‘Byomkesh Bakshi’ to Guru Dutt, the references for ‘Shyam Singha Roy’

Director Rahul Sankrityan opens up on his film ‘Shyam Singha Roy, starring Nani and Sai Pallavi, that unravels in two timelines

Yesteryear actor Uttam Kumar’s hairstyle, director Guru Dutt’s thin moustache, gelled curly locks and sparkling gaze, Satyajit Ray’s body language, Kamal Haasan’s cuffs in Nayakan were among the several reference points for creating actor Nani’s look for the titular character in the Telugu film Shyam Singha Roy. Director Rahul Sankrityan has been fascinated by the arts, cinema and culture of Bengal and when a story that takes place substantially in Bengal was pitched to him by writer Satyadev Janga, he perked up. “I loved the initial story and we built on it.”

The film scheduled to release on December 24 has a story that unfolds in two timelines — a contemporary space inhabited by new-age filmmaker Vasu (Nani), Krithi Shetty, Madonna Sebastian, Leela Samson and others, and that of Shyam Singha Roy and Sai Pallavi’s character in Bengal of 1969-70.

A guessing game has been on, with film buffs wondering if the story deals with reincarnation or a supernatural element. “There is something more to the story. I will be giving away too much if I discuss at this point,” says Rahul, who takes time out for this interview amid finalising the film’s post- production.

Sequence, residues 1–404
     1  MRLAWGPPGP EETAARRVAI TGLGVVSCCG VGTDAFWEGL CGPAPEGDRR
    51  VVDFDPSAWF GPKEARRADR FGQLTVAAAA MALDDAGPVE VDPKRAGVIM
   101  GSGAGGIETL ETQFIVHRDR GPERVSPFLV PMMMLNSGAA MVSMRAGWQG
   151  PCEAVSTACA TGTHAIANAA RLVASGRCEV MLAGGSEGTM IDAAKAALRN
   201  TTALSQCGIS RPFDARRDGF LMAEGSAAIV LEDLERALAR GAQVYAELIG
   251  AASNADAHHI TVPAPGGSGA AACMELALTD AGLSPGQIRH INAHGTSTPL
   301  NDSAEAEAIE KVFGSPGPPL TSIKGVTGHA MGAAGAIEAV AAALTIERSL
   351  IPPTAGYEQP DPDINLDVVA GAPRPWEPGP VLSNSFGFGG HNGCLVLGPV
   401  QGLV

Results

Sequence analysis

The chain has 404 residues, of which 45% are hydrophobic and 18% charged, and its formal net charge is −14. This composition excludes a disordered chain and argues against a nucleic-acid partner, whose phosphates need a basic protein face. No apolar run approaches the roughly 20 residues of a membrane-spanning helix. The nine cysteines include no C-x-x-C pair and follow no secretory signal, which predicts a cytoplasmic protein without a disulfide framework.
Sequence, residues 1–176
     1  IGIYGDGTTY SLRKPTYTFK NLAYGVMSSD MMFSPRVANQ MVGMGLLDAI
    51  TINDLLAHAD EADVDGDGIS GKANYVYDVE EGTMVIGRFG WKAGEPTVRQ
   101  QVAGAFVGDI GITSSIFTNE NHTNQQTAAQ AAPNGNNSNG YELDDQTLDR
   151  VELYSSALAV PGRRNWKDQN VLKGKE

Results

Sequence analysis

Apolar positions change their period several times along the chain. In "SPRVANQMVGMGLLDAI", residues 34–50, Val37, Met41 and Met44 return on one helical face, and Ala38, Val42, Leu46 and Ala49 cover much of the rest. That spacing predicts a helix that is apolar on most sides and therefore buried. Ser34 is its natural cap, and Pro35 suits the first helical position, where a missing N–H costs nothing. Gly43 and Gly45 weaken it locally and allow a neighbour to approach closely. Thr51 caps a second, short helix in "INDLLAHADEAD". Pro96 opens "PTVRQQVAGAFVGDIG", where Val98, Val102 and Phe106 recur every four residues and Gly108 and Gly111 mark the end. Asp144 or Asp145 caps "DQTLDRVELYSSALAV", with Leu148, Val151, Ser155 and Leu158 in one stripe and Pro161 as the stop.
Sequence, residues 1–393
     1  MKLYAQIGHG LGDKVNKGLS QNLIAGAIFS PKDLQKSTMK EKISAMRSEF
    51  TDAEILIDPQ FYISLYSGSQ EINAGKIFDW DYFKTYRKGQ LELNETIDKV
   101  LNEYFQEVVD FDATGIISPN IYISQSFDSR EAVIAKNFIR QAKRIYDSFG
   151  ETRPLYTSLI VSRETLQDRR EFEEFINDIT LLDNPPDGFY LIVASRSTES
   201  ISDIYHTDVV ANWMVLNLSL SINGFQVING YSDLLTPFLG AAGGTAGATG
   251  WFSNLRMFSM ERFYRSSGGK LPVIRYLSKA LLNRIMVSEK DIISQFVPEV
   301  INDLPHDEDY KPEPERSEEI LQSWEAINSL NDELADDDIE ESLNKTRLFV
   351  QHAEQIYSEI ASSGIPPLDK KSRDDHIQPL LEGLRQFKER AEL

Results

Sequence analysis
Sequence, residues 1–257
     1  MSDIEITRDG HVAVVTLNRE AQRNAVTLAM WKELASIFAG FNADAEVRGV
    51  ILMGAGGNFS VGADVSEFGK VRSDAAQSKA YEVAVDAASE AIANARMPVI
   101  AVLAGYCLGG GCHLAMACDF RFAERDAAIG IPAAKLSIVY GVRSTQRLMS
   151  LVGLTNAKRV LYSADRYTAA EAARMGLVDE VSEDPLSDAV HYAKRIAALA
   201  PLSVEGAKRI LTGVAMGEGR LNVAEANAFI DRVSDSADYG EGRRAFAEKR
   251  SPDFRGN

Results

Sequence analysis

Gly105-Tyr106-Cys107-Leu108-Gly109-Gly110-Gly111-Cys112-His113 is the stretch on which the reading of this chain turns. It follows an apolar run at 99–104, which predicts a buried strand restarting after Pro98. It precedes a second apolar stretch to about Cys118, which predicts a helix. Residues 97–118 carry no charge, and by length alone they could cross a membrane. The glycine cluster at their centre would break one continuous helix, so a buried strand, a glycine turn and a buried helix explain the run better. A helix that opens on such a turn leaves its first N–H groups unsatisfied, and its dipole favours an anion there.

New-age filmmaker

The opening visuals in the trailer offer a glimpse into Vasu’s world, with books on Ray and cinema in the background. Rahul says, “A lot of detailing went into creating Vasu’s world which in turn connects him with Shyam’s world.”

Vasu is portrayed as a new filmmaker who has quit his software job and is making a low budget project. That part of the characterisation is an extension of Rahul’s own journey. He had quit his job as a software engineer to make short films and eventually directed feature films The End (2014) and Taxiwaala (2018). “I built Vasu’s character around my likes and dislikes. That was the easy part and helped me incorporate humour. His journey in the story is fictional.”

Taxiwaala had a supernatural element in the story and Shyam Singha Roy explores concepts such as human consciousness and the possibilities of emotions transcending timelines. Rahul’s fascination for these subjects stems from his interest in aspects that are beyond the day-to-day norm. He read books on philosophy and consulted a psychologist for the film: “I believe that some dimensions and emotions of human beings cross time and space.”

The Bengal portions are a throwback to 1969 and 70, a period that Rahul refers to as an “interesting time in India and Bengal.” Shyam is a communist writer who bats for social reforms. References from the lives of Rabindranath Tagore and Raja Ram Mohan Roy were used to develop the character. “Both Tagore and Roy were social reformers who hailed from the upper class and rebelled against regressive practices.”

Class and gender discourse

Rahul was aware that he had to characterise Shyam in a manner that doesn’t make him appear overtly as an upper-class male saviour. Rahul welcomes the increased dialogue on filmmaking on social media on how class and gender are portrayed, stating that it helps filmmakers avoid the cliches: “At the same time, if I give too much thought to how everything is going to be micro-analysed, I may not be able to do what is required for Shyam’s character.”